|Henry Gray (18251861). Anatomy of the Human Body. 1918.|
|upper orifice of the incisive canal. The lateral border of the process is incorporated with the rest of the bone. The medial border is thicker in front than behind, and is raised above into a ridge, the nasal crest, which, with the corresponding ridge of the opposite bone, forms a groove for the reception of the vomer. The front part of this ridge rises to a considerable height, and is named the incisor crest; it is prolonged forward into a sharp process, which forms, together with a similar process of the opposite bone, the anterior nasal spine. The posterior border is serrated for articulation with the horizontal part of the palatine bone.|
Ossification.The maxilla is ossified in membrane. Mall 1 and Fawcett 2 maintain that it is ossified from two centers only, one for the maxilla proper and one for the premaxilla. These centers appear during the sixth week of fetal life and unite in the beginning of the third month, but the suture between the two portions persists on the palate until nearly middle life. Mall states that the frontal process is developed from both centers. The maxillary sinus appears as a shallow groove on the nasal surface of the bone about the fourth month of fetal life, but does not reach its full size until after the second dentition. The maxilla was formerly described as ossifying from six centers, viz., one, the orbitonasal, forms that portion of the body of the bone which lies medial to the infraorbital canal, including the medial part of the floor of the orbit and the lateral wall of the nasal cavity; a second, the zygomatic, gives origin to the portion which lies lateral to the infraorbital canal, including the zygomatic process; from a third, the palatine, is developed the palatine process posterior to the incisive canal together with the adjoining part of the nasal wall; a fourth, the premaxillary, forms the incisive bone which carries the incisor teeth and corresponds to the premaxilla of the lower vertebrates; 3 a fifth, the nasal, gives rise to the frontal process and the portion above the canine tooth; and a sixth, the infravomerine, lies between the palatine and premaxillary centers and beneath the vomer; this center, together with the corresponding center of the opposite bone, separates the incisive canals from each other.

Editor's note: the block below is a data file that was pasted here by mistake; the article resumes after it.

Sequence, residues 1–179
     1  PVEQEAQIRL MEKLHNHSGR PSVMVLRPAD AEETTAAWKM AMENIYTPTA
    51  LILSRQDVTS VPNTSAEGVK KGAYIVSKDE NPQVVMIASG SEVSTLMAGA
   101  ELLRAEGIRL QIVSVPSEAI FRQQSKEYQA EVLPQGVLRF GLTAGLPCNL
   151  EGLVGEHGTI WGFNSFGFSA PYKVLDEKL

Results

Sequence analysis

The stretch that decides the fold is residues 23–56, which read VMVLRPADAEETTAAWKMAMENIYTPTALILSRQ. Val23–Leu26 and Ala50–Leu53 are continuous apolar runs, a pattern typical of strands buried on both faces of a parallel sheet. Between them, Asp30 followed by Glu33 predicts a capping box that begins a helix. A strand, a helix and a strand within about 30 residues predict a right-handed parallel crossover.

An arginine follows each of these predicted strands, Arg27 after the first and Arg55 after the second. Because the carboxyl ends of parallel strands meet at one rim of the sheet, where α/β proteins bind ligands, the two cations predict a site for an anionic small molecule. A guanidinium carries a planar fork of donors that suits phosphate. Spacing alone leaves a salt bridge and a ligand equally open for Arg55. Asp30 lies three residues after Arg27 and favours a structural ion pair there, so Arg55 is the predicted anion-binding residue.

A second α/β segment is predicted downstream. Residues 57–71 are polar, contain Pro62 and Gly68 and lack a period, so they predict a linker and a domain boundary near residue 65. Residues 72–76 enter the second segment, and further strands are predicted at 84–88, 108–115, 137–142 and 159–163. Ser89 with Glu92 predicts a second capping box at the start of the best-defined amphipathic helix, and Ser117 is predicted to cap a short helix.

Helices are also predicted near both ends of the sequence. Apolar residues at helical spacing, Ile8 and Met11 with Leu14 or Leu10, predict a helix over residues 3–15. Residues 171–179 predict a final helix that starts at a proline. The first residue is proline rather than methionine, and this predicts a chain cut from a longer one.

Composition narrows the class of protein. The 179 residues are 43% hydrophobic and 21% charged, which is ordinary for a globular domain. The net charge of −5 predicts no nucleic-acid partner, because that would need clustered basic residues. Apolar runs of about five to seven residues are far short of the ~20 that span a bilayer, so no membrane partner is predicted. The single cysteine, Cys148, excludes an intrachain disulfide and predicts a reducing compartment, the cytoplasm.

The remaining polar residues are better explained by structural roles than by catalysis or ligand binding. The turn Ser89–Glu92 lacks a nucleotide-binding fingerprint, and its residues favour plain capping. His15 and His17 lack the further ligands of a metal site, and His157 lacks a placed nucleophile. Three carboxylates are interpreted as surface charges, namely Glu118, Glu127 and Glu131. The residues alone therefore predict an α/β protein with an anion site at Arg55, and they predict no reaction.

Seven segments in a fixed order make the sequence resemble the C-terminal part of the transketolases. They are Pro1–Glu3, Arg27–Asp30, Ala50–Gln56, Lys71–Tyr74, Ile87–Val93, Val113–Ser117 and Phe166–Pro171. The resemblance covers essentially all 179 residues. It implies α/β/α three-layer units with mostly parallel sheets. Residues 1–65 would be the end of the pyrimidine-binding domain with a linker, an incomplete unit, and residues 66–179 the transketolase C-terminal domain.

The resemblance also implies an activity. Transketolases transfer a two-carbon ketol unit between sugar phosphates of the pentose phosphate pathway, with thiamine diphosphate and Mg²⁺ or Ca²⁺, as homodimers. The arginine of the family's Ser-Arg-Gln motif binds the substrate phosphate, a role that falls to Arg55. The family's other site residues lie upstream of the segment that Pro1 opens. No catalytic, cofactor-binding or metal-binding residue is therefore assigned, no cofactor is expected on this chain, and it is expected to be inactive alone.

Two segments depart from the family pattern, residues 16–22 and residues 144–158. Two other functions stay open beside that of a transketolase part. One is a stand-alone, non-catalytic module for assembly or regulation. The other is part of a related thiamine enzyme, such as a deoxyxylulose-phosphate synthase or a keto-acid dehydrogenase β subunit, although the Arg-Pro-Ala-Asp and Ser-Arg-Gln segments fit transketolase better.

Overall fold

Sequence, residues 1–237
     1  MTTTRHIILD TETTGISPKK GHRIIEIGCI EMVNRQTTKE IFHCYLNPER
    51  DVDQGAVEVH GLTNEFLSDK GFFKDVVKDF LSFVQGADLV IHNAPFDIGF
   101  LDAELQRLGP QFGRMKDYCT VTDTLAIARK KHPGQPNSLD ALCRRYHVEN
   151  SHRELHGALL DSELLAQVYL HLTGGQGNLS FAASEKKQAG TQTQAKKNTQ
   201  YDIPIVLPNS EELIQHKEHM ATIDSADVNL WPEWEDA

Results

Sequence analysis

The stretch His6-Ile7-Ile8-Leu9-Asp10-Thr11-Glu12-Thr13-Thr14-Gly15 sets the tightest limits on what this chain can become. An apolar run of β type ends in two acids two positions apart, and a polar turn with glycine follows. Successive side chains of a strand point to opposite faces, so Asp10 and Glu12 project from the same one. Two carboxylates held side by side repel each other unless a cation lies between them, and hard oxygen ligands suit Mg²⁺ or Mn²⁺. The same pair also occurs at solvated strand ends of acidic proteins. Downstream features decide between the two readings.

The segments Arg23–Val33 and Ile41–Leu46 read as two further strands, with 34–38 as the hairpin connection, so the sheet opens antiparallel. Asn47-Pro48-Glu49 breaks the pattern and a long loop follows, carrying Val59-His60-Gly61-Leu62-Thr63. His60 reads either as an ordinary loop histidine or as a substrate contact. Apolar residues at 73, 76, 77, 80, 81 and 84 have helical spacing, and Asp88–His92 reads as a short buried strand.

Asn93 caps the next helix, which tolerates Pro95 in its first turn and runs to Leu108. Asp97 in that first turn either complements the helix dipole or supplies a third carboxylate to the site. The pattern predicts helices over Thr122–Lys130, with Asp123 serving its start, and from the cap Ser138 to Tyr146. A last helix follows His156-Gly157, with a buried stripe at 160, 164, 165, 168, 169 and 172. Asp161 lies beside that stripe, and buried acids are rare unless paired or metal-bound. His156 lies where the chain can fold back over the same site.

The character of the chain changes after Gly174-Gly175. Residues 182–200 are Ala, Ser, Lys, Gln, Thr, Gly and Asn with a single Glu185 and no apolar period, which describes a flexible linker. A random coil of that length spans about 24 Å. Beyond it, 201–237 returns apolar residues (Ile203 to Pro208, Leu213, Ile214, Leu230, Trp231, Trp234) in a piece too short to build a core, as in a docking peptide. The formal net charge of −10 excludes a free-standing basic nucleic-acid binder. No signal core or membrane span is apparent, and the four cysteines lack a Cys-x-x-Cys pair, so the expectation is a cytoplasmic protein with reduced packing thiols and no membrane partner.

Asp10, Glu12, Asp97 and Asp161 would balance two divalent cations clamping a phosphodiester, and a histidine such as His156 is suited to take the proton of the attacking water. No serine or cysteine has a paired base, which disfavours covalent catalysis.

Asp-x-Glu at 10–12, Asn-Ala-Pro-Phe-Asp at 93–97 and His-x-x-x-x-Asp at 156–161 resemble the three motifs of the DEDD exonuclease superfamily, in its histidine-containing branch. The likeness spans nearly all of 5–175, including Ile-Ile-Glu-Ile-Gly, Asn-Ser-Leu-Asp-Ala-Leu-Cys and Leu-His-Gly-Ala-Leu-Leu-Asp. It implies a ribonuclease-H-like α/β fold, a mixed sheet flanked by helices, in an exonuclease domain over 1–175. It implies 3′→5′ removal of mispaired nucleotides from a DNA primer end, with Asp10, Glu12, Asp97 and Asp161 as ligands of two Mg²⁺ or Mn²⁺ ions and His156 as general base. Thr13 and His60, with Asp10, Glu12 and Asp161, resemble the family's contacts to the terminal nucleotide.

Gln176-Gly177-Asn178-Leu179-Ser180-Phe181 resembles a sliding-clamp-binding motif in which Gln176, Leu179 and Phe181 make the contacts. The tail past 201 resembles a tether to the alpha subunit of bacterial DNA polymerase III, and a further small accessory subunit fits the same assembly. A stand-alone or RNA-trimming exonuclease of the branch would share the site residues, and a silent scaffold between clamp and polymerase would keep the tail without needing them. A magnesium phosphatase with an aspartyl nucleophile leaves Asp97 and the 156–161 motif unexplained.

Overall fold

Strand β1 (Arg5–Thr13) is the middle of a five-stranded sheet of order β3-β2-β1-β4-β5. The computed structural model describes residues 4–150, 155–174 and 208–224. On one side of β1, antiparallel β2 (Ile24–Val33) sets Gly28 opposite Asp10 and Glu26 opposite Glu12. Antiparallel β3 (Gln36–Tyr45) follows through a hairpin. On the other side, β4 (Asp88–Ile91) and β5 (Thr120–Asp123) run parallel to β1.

FIG. 161 Anterior surface of maxilla at birth. (See enlarged image)
FIG. 162 Inferior surface of maxilla at birth. (See enlarged image)
Articulations.The maxilla articulates with nine bones: two of the cranium, the frontal and ethmoid, and seven of the face, viz., the nasal, zygomatic, lacrimal, inferior nasal concha, palatine, vomer, and its fellow of the opposite side. Sometimes it articulates with the orbital surface, and sometimes with the lateral pterygoid plate of the sphenoid.
Changes Produced in the Maxilla by AgeAt birth the transverse and antero-posterior diameters of the bone are each greater than the vertical. The frontal process is well-marked and the body of the bone consists of little more than the alveolar process, the teeth sockets reaching almost to the floor of the orbit. The maxillary sinus presents the appearance of a furrow on the lateral wall of the nose. In the adult the vertical diameter is the greatest, owing to the development of the alveolar process and the increase in size of the sinus. In old age the bone reverts in some measure to the infantile condition; its height is diminished, and after the loss of the teeth the alveolar process is absorbed, and the lower part of the bone contracted and reduced in thickness.
|5b. 3. The Lacrimal Bone|
The lacrimal bone, the smallest and most fragile bone of the face, is situated at the front part of the medial wall of the orbit (Fig. 164). It has two surfaces and four borders.
|Note 1. American Journal of Anatomy, 1906, vol. v. [back]|
|Note 2. Journal of Anatomy and Physiology, 1911, vol. xlv. [back]|
|Note 3. Some anatomists believe that the premaxillary bone is ossified by two centers (see page 299). [back]|